15th September 2015
In both Westminster and the City PQE has been greeted with a combination of astonishment and derision. Parallels have been drawn with Germany’s hyperinflation in the 1920s and more recently the same outcome in Zimbabwe. Such comparisons cannot and should not be brushed aside. That said we should not dismiss PQE without taking an honest look at the long term dangers of what we now consider to be conventional monetary policy.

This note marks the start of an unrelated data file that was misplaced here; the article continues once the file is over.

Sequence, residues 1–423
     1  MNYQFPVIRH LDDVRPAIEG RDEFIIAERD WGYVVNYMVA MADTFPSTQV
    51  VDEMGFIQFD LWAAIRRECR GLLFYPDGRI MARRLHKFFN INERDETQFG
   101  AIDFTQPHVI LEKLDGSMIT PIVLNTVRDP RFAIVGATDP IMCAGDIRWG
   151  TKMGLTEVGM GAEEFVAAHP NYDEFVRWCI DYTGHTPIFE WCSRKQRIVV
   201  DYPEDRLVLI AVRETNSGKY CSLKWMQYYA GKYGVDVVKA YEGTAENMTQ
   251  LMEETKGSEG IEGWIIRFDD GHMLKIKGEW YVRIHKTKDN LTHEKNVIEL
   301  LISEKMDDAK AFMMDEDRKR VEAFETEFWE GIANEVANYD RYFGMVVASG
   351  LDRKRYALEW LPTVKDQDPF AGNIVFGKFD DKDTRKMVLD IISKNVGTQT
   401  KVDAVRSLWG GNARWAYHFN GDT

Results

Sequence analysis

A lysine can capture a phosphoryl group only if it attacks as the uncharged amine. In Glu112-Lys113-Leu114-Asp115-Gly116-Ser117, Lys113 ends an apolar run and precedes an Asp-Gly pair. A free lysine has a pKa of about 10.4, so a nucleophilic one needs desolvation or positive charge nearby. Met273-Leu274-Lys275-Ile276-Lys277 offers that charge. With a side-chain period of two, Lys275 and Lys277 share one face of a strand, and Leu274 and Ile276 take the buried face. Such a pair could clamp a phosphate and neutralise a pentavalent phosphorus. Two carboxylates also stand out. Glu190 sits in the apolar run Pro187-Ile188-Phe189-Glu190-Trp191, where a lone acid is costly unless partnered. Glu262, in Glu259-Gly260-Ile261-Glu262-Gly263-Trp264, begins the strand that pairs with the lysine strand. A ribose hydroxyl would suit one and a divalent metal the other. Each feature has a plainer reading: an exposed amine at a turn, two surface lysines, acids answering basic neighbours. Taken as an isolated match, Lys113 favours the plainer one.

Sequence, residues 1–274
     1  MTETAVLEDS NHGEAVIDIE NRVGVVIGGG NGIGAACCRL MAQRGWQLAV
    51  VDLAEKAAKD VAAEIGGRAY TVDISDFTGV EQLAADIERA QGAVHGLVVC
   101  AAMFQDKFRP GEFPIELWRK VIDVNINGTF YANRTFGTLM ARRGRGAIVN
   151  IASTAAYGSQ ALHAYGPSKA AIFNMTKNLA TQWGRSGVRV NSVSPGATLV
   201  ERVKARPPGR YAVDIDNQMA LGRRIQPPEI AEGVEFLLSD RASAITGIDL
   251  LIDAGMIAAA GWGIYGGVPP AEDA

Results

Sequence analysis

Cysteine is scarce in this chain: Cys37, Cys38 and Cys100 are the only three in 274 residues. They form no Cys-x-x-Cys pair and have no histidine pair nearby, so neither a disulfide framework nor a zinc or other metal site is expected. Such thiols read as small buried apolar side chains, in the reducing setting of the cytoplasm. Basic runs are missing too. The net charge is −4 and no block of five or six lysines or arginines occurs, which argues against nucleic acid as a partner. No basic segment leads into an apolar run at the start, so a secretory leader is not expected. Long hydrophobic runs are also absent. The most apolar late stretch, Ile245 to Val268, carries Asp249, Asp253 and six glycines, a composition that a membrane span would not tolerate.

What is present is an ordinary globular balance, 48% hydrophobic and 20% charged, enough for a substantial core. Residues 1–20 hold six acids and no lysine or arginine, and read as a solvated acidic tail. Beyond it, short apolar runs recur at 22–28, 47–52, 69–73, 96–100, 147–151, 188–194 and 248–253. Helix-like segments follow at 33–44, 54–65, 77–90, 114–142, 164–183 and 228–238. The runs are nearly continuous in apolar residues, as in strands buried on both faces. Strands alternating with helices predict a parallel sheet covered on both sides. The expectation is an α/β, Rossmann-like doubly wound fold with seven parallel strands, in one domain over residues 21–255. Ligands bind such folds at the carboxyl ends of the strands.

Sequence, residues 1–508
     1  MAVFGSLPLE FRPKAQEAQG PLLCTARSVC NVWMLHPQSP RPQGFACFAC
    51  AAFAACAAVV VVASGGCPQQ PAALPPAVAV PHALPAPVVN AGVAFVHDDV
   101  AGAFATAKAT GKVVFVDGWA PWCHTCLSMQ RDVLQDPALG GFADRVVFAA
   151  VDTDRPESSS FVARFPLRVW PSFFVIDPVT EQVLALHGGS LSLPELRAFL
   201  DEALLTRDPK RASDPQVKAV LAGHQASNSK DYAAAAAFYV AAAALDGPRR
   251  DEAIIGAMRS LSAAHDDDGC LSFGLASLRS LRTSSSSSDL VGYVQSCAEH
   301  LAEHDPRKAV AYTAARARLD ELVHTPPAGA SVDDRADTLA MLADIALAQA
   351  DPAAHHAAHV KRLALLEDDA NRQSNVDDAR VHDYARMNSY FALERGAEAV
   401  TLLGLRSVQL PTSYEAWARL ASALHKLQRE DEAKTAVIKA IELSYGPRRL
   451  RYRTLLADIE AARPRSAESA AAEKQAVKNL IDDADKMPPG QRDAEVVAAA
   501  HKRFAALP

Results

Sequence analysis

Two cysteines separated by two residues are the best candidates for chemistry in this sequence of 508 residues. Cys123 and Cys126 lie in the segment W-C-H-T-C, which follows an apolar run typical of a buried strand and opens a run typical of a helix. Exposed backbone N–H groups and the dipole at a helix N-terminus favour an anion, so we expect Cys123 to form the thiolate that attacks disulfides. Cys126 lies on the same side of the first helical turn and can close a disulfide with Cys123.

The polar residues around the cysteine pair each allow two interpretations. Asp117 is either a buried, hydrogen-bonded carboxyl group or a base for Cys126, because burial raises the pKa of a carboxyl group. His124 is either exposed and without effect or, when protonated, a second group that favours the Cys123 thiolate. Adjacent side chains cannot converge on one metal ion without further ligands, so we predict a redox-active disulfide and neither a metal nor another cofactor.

History has taught us clear lessons about the dangers of monetising government spending. Monetisation allows governments to boost spending without increasing taxation. Once started governments can rarely wean themselves off the free money drug. They get sucked into a destructive self-reinforcing spiral, obliged to print ever larger quantities of money to maintain economic activity as the real value of their money starts to fall – the end game is spiralling inflation and real economic contraction. In the long run governments can no more print prosperity than engineers can break the laws of physics.